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Teaching Children New Behaviors

Wednesday, July 7, 2010 @ 02:07 PM Karen Hood

Tell your child what you want your child to do.

When you are at the store and you tell your child to “stop running,” you
are telling your child what not to do. That will not help your child
change his or her behavior. Children need to hear what you want them to
do – not what to stop doing.

You probably want your child to walk quietly and help you shop. Give
your child a positive direction because a negative direction can be
confusing. A negative direction assumes that your child knows what you
want. Don’t assume anything with children. Give them positive
instructions and give them the instructions each time they are doing to
the store until it becomes a habit.

Teach your child the behaviors that you want them to use. If you want
your child to play quietly in the house, take the time to teach your
child how to do that. Show your child what it looks like when he/she is
playing quietly. Tell your child how you feel when you hear yelling in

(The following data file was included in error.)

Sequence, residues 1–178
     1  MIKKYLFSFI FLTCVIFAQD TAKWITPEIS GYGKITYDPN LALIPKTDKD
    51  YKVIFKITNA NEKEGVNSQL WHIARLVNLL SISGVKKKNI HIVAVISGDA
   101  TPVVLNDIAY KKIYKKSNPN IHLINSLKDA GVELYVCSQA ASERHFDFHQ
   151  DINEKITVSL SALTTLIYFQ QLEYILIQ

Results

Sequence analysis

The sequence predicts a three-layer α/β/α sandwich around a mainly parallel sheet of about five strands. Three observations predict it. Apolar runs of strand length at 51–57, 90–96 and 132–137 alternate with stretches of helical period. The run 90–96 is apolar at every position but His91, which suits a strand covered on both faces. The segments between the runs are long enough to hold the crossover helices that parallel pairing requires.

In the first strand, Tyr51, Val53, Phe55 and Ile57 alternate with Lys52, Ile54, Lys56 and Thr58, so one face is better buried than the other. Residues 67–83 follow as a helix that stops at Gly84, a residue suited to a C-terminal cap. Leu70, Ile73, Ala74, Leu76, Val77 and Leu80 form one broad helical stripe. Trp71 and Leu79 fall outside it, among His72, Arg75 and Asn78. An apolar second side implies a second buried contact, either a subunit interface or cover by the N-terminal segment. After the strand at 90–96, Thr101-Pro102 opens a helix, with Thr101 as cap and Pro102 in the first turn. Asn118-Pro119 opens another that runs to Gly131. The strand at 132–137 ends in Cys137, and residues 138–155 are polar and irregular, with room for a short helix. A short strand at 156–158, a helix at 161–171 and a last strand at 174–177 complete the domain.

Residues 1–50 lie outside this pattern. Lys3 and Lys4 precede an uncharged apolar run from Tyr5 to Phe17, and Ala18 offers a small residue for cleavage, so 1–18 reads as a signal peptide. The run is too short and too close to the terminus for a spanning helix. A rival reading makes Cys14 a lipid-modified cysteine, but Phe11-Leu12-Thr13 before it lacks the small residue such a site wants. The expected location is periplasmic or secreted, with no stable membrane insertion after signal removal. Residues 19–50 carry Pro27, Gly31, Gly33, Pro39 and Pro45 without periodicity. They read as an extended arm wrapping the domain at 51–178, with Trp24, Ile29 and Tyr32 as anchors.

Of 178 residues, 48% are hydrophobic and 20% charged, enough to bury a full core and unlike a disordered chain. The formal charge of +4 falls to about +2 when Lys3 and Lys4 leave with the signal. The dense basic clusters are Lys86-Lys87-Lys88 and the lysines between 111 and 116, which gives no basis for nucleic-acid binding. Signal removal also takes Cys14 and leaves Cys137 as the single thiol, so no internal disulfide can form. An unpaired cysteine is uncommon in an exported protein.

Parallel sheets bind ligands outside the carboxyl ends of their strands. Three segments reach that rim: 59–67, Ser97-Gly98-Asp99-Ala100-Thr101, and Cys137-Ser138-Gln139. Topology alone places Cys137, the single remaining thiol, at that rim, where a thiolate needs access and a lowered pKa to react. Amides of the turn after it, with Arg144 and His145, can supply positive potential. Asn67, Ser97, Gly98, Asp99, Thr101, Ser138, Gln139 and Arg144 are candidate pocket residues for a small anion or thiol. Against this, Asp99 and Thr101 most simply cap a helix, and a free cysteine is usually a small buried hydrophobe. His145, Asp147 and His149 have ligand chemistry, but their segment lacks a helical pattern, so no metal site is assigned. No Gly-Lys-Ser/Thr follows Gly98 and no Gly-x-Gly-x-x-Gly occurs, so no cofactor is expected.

the house.

Perhaps your children are constantly bickering and fighting with one
another. Take some time to teach them how you want them to interact.
Show them how to sit on the floor together and not poke each other. Show
them how to walk by each other and not make a face. Have your child
practice using that behavior.

If your child has difficulty doing homework, have him/her practice the
appropriate behaviors by working quietly on a fun project for a specific
amount of time. (Remember, first you have to teach the behavior that you
want to see). Let your child practice until he/she understands how long
10-15 minute is. Help your child see how much he can get done in ten
minutes.

If your child has difficulty sitting at a table and eating with the
family, have an afternoon snack time where your child can practice eating
appropriately.

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